I’ve been invited to many grand openings this past year, and had the
honour of attending a few, so despite being disinclined to believe the
hype about the recession truly being over, I can’t help but acknowledge
a sense of better days to come as we bid farewell to 2009 and welcome
Who’s open to a little optimism? I sure am.
I’ve been invited to many grand openings this past year, and had the honour of attending a few, so despite being disinclined to believe the hype about the recession truly being over, I can’t help but acknowledge a sense of better days to come as we bid farewell to 2009 and welcome 2010.
The latest grand opening I had the privilege of experiencing was that of Twisted Bagel at 3500 Bathurst St., Toronto. Formerly the site of the Carousel, Toronto’s first drive-in restaurant, and then an arcade called Video Invasion, the location has seen its share of successful business ventures.
This newest enterprise, founded by entrepreneur and inventor Wayne Fromm, who started Video Invasion in 1980 and then bought the site and building in 1987, is a modern but comfortable bakery café specializing in the famous Toronto-style, handmade, braided bagel.
As legend has it, the Carousel is also where Tim Horton first honed his doughnut-making skills. I won’t delve anymore into the past, though – you can see that for yourself in the decades-spanning photos on the walls of the café – but suffice it to say that Fromm’s willingness to roll the dice on such a major investment is inspiring given the economic storm clouds we’ve been under.
And he’s done it the right way by taking hands-on courses at the American Institute of Baking in Kansas and hiring smart, experienced bakers – one of whom is himself a former bakery owner – who know the importance of using traditional ingredients and methods to create high-quality products that will keep customers coming back for more.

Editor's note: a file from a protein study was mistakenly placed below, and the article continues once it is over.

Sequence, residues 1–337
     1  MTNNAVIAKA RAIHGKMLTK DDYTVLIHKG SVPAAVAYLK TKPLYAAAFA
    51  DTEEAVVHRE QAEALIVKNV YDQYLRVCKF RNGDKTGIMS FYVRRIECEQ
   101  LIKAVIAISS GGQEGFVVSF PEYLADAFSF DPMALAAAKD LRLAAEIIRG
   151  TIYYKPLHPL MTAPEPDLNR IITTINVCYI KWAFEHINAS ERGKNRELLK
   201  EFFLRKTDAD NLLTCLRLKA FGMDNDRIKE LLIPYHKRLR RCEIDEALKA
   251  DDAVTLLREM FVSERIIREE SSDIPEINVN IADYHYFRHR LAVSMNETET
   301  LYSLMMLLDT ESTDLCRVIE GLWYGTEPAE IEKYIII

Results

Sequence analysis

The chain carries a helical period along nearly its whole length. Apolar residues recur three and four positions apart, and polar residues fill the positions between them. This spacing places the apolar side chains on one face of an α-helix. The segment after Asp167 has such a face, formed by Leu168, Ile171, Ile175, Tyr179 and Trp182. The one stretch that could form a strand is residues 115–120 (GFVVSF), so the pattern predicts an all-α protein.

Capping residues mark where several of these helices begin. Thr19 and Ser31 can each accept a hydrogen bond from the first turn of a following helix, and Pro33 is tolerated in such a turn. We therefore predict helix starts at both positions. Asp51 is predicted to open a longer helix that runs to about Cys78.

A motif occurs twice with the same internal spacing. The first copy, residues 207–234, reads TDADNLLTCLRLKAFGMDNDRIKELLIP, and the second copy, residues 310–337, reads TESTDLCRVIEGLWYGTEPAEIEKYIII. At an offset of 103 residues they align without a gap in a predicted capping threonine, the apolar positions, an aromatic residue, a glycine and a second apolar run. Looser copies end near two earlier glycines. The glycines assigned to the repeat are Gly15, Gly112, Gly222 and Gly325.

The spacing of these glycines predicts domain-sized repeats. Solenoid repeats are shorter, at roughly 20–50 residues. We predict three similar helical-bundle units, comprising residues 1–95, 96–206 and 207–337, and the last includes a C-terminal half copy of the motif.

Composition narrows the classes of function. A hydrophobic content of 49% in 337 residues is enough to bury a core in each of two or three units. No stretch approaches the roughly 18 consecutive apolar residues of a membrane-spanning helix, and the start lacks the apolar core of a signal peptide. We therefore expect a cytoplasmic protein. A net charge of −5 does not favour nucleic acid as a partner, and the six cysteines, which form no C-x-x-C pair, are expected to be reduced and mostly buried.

Prior to opening Twisted Bagel, Fromm says he experimented relentlessly with different formulations, going through about 4,000 samples before settling on the shop’s extensive menu, which, in addition to a wide range of baked goods, features foods for the lunch crowd, including custom salads, paninis and poutine.
The emergence of Bakery cafés such as Twisted Bagel in the midst of a severe economic downturn is a welcome development and is further proof of the resilience we’re seeing in the Canadian small business environment. According to Industry Canada, the number of businesses rose by 0.4 per cent in 2008 to 2,314,563 – with small businesses accounting for 97.8 per cent of this seven-figure total. Small businesses with 20-99 employees also suffered the smallest drop in GDP (-0.4 per cent) from the fourth quarter of 2008 to the second quarter of 2009.
“Over the past 20 years,” Industry Canada reported, “the number of small businesses has been growing during periods of economic growth as well as during economic downturns.”
Furthermore, if you’re going to open a small business, a bakery café is a smart move. People still want to eat out, but they’re avoiding full-service restaurants. In fact, according to the Conference Board of Canada, sales at full-service restaurants dropped slightly from January 2008 to May 2009, while sales at their limited-service brethren – a category that would include bakery cafés – rose dramatically by 4.6 per cent.
“People need to eat, even during a recession,” the board reports. “But what and where they choose to eat are being influenced by economic conditions.”
However, says the board, 2009 profits in the foodservice industry are expected to fall to their lowest point since 2005 as cost appreciation outstrips revenue growth. Profitability should improve in 2010, but with tax harmonization just around the corner in B.C. and Ontario, and job losses continuing to be a problem – especially among small and medium-sized businesses – we’re not out of the woods just yet.
But in the spirit of the season, I feel good about the strength of the baking industry. There’s a lot to look forward to in 2010 – including Bakery Showcase in May – and we here at Bakers Journal wish you all a very happy and prosperous new year.
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